Seven years after Joe Maenner ’86 earned his mechanical engineering degree from Drexel University, he reinvented himself—as an attorney.
After graduation, Maenner returned to his co-op stomping grounds and worked for the U.S. Navy, testing propulsion plant equipment and helping to develop damage control communications systems. But as the Navy cut back, he decided to look for other opportunities.
“I worked long and hard for this engineering degree,” says the 52-year-old. “I was very proud of it. I wanted to still use it.”
Maenner found his ticket next door to his Crystal City, Va., workplace—the U.S. Patent and Trademark Office.
“I found out you need an engineering or science degree to be eligible to be a patent attorney,” he says. It proved the perfect combination for the engineer who was interested in how things move ever since high school physics but wanted to pursue a profession outside the engineering field.
With a law degree (’96) from The Dickinson School of Law (now Penn State), he has worked at a series of Philadelphia-area law firms, with a stint at an optical telecommunications start-up.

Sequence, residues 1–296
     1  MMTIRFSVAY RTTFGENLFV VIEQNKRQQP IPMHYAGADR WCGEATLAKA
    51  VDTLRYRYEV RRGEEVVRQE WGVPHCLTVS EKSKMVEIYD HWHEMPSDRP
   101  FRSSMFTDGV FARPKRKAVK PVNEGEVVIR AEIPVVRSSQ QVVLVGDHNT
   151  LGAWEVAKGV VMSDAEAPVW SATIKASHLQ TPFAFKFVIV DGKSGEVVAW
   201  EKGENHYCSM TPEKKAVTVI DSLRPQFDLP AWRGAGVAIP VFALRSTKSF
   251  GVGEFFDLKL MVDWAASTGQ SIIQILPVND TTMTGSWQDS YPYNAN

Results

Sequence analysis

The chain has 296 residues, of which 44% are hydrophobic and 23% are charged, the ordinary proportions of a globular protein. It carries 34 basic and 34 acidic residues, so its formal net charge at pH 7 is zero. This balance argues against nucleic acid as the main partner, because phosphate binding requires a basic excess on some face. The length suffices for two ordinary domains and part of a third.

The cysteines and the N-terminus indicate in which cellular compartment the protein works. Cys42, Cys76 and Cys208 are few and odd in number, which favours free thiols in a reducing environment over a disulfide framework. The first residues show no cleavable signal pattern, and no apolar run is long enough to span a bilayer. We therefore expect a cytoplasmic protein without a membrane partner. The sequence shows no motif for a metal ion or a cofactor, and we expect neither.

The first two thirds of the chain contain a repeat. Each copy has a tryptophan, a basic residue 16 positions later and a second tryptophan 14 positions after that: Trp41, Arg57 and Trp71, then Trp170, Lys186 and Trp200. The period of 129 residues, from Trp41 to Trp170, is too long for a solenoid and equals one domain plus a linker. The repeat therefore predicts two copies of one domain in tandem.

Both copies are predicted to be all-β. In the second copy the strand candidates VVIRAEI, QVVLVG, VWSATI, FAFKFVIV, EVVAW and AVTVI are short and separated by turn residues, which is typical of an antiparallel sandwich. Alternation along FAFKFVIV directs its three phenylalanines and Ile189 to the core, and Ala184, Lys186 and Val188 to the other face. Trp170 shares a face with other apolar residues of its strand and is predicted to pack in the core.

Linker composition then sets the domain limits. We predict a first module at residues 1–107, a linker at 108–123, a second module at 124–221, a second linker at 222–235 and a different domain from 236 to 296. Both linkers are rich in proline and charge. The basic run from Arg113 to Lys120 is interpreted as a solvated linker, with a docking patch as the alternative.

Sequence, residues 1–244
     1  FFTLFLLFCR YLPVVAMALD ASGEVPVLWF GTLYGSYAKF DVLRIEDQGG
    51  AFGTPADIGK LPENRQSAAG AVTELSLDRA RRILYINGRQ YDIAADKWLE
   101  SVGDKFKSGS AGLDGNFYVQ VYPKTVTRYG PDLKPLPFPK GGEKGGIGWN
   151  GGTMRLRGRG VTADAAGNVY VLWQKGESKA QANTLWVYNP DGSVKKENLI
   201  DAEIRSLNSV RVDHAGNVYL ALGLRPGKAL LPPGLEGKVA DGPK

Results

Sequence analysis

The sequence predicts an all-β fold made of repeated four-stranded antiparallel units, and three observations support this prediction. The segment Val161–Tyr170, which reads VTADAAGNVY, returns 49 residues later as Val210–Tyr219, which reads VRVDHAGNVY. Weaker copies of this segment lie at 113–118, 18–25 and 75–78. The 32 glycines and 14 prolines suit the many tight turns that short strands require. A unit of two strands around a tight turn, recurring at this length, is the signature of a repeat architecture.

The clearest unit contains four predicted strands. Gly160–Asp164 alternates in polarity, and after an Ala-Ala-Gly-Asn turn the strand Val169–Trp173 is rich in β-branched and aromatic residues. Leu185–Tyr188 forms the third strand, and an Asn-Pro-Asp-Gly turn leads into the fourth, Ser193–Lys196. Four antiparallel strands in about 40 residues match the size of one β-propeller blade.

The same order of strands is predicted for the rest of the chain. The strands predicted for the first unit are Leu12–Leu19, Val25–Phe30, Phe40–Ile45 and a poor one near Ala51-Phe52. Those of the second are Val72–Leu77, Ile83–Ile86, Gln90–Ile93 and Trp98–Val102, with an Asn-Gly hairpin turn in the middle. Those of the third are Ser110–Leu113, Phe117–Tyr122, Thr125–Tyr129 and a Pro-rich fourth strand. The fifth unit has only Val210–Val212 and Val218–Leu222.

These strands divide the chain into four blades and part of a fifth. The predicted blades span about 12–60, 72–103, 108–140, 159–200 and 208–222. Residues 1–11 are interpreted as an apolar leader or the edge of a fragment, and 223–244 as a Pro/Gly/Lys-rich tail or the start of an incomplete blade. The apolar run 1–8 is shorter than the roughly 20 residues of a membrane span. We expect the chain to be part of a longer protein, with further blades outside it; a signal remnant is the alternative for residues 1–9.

His first patent application was for couplings used in fire sprinkler systems. He also wrote up patents for remote control cars and pump-action water guns.
“I got paid to play with toys,” he quips. Maenner says his Drexel degree proved pivotal to understanding the technical details of an invention—important when researching potential competitors and writing a patent application.
In 2011, Maenner took his expertise gained at his varied jobs and opened his own practice, Maenner & Associates in Downingtown.
“Because of the number and various places where I had worked,” he says, “I was able to take the best practices from the different firms.”
Maenner’s clients include his alma mater. He helps Drexel researchers patent inventions—an automatic shut-off valve, a mobility device, among others—through theDrexel Ventures. Some of his other clients include inventors of a fishing lure, water filter and radon detector.
In addition, Maenner is an adjunct professor who lectures on intellectual property law at Drexel and other universities in the area.
As his own career has proven, an engineering degree can open many doors, and patent law is a viable alternative for those engineers who might not want to stay in the field.
“I love my job,” he says, “because I never know what’s going to come across my desk any single day.”
By Lini S. Kadaba